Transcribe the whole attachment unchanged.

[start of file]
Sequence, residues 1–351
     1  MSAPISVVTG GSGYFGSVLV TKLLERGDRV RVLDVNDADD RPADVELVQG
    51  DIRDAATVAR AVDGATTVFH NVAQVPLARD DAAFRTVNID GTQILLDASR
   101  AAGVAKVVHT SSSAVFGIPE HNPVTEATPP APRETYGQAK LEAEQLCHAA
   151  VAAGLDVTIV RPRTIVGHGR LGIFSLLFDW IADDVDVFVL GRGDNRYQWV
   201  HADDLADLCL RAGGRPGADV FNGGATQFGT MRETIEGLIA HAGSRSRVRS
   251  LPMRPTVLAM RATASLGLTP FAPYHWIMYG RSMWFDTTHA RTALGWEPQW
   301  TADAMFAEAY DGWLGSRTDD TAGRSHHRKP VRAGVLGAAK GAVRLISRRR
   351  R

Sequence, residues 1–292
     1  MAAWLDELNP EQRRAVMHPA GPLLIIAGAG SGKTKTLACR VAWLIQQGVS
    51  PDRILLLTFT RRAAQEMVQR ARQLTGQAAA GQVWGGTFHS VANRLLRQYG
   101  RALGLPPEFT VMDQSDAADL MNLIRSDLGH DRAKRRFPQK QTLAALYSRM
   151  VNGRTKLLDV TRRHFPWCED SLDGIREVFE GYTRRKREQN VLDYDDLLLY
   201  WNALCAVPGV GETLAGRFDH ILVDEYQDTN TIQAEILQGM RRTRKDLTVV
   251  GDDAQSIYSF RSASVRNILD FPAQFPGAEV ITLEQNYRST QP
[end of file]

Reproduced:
Sequence, residues 1–351
     1  MSAPISVVTG GSGYFGSVLV TKLLERGDRV RVLDVNDADD RPADVELVQG
    51  DIRDAATVAR AVDGATTVFH NVAQVPLARD DAAFRTVNID GTQILLDASR
   101  AAGVAKVVHT SSSAVFGIPE HNPVTEATPP APRETYGQAK LEAEQLCHAA
   151  VAAGLDVTIV RPRTIVGHGR LGIFSLLFDW IADDVDVFVL GRGDNRYQWV
   201  HADDLADLCL RAGGRPGADV FNGGATQFGT MRETIEGLIA HAGSRSRVRS
   251  LPMRPTVLAM RATASLGLTP FAPYHWIMYG RSMWFDTTHA RTALGWEPQW
   301  TADAMFAEAY DGWLGSRTDD TAGRSHHRKP VRAGVLGAAK GAVRLISRRR
   351  R

Sequence, residues 1–292
     1  MAAWLDELNP EQRRAVMHPA GPLLIIAGAG SGKTKTLACR VAWLIQQGVS
    51  PDRILLLTFT RRAAQEMVQR ARQLTGQAAA GQVWGGTFHS VANRLLRQYG
   101  RALGLPPEFT VMDQSDAADL MNLIRSDLGH DRAKRRFPQK QTLAALYSRM
   151  VNGRTKLLDV TRRHFPWCED SLDGIREVFE GYTRRKREQN VLDYDDLLLY
   201  WNALCAVPGV GETLAGRFDH ILVDEYQDTN TIQAEILQGM RRTRKDLTVV
   251  GDDAQSIYSF RSASVRNILD FPAQFPGAEV ITLEQNYRST QP